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According to the former IBM consul, the patent system has never been healthier

Amid increasingly noisy criticism about questionable patents (see: Apple, Inc. (AAPLpatents animating turning pages) and criticism from veteran judges regarded as some of the nation's foremost intellectual property experts, the head of the U.S. Patent and Trademark Office is firing back.

David Kappos, who has served as USPTO Director for the past several years, delivered a pointed speech a week ago entitled "An Examination of Software Patents" in which he argues that software patents are perfectly valid and comments, "[Critics should] move beyond the flippant rhetoric and instead engage in substantive discussion."

He said in the speech that rather than proof of a broken system, the deluge of smartphone patent lawsuits is a sign that the smartphone industry is engaging in innovation at a "breakneck pace".  Directly addressing those who say the system is broken, he comments rhetorically, "Broken? What?"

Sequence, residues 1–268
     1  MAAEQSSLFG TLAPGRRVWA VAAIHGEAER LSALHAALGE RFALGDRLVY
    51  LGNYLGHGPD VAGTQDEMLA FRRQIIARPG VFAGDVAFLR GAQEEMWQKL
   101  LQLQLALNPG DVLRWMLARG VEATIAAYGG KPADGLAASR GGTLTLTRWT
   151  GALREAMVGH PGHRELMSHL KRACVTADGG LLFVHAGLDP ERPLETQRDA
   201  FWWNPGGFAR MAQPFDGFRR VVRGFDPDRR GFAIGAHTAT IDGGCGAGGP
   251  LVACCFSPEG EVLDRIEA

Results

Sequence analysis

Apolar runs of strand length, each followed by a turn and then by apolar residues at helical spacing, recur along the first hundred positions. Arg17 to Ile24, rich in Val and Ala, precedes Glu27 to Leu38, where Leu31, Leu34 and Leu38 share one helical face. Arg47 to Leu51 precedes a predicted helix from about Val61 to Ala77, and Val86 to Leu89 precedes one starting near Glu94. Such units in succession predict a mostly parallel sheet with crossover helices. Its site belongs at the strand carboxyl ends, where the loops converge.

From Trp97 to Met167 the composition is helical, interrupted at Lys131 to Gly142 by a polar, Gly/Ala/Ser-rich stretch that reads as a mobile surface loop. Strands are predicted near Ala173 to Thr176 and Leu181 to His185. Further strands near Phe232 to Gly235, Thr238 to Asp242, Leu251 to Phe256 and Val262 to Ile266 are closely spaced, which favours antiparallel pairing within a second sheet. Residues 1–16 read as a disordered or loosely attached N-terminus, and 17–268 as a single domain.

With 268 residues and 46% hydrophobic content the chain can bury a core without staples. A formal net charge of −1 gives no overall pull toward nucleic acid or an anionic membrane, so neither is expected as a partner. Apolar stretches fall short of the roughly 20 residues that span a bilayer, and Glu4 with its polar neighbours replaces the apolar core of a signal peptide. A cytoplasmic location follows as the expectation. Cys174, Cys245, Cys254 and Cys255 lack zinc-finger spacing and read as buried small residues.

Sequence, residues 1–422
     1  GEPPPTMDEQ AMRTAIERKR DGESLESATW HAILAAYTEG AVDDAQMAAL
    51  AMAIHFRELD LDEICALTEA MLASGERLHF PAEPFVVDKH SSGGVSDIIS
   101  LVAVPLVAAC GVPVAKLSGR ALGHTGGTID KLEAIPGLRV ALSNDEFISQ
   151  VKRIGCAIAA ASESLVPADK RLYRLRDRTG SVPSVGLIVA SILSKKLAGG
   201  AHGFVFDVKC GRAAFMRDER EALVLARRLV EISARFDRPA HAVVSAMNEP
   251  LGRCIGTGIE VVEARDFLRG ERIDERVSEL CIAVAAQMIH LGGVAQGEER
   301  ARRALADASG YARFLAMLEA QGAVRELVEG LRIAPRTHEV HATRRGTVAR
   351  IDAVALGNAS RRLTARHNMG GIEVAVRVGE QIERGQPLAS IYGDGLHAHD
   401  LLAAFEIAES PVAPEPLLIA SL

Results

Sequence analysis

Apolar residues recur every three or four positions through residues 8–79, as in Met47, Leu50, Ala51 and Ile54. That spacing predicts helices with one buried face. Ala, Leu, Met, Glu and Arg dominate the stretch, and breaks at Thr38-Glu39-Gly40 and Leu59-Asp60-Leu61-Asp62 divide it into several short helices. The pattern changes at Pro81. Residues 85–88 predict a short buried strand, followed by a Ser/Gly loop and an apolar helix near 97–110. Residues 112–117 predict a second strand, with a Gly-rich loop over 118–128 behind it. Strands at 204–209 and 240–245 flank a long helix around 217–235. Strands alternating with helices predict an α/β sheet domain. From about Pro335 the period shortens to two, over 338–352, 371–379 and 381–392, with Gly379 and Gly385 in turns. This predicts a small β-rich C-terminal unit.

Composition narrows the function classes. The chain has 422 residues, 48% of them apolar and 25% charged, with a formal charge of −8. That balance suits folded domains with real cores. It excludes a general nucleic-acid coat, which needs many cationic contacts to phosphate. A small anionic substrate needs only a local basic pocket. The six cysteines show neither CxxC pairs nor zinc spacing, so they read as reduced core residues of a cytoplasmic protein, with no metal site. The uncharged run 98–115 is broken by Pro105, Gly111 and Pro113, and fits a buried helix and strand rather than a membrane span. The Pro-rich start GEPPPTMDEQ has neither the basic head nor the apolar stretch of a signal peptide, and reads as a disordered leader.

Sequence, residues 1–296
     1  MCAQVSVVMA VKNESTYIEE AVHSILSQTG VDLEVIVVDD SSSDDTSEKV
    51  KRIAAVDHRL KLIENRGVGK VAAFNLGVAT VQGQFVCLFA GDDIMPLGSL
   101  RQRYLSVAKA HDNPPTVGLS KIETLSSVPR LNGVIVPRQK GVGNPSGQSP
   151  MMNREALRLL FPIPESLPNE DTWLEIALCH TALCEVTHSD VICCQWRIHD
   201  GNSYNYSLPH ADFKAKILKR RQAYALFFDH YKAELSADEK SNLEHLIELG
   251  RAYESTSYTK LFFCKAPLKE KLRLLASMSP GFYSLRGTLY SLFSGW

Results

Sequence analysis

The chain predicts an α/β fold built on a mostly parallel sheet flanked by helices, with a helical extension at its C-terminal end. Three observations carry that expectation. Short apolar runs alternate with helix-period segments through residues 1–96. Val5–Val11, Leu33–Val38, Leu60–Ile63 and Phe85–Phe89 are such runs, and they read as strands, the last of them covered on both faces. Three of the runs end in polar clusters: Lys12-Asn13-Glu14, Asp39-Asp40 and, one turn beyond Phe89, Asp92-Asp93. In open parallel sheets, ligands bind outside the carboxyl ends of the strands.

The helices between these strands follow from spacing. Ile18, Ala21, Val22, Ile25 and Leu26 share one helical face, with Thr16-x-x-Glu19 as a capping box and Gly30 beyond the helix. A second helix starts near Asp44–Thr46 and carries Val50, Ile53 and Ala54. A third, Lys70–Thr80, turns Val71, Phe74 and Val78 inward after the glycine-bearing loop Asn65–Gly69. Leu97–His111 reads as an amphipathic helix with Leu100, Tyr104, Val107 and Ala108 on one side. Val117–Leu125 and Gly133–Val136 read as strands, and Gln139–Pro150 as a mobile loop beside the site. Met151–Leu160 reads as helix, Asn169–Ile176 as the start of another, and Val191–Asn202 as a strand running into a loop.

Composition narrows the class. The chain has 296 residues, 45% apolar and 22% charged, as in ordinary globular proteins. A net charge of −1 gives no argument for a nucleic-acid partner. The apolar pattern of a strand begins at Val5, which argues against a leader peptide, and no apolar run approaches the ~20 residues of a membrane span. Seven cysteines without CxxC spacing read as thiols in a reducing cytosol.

But Director Kappos' days of defending the USPTO's current policies are coming to a close, as he announced this week that he would be stepping down.  The lawyer, who previously served as an attorney for International Business Machines, Inc. (IBM) did not say what his future plans were.  The announcement was considered somewhat unexpected.

David Kappos
USPTO Director David Kappos [Image Source: Center for Am. Progress/Flickr]

Even Director Kappos' critics praise some of his moves, such as his push to appoint more patent examiners, to reduce a backlog of filings, which in turn tend to lead to hasty examinations.  During his tenure examiners increased to 8,000, a 30% increase.

He also pushed for cooperation with the engineering community via making information available to Stack Exchange, as a means of expediting the search for prior art.

Other moves were largely outside the Director's control.  For example, Congress tasked him with implementing the America Invents Act of 2011, which switches the U.S. from a first-to-invent to a first-to-file system for patents filed after March 2013. 

Director Kappos was tasked with executing the change to first-to-file. [Image Source: Unknown]

Yet other moves still were viewed in a mixed light; for example his decision to open patent examination offices in New York City and Silicon Valley drew praise from some, but raised fears from others who feared that it would give software companies a quicker path to inundated the filing channels with "junk" patents.

There has been no announcement yet on who will take over as Director at the USPTO.

Source: Patently





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